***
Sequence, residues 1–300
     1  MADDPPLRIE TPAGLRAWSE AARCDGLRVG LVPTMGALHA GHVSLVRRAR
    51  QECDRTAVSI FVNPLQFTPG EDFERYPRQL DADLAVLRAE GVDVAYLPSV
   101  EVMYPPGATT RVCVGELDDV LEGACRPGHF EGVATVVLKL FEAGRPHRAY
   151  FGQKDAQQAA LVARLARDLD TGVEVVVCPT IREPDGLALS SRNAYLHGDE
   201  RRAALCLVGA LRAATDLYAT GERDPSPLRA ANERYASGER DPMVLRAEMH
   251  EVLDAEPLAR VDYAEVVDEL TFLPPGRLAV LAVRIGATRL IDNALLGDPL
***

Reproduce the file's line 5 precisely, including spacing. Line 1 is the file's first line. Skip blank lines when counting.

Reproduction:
   151  FGQKDAQQAA LVARLARDLD TGVEVVVCPT IREPDGLALS SRNAYLHGDE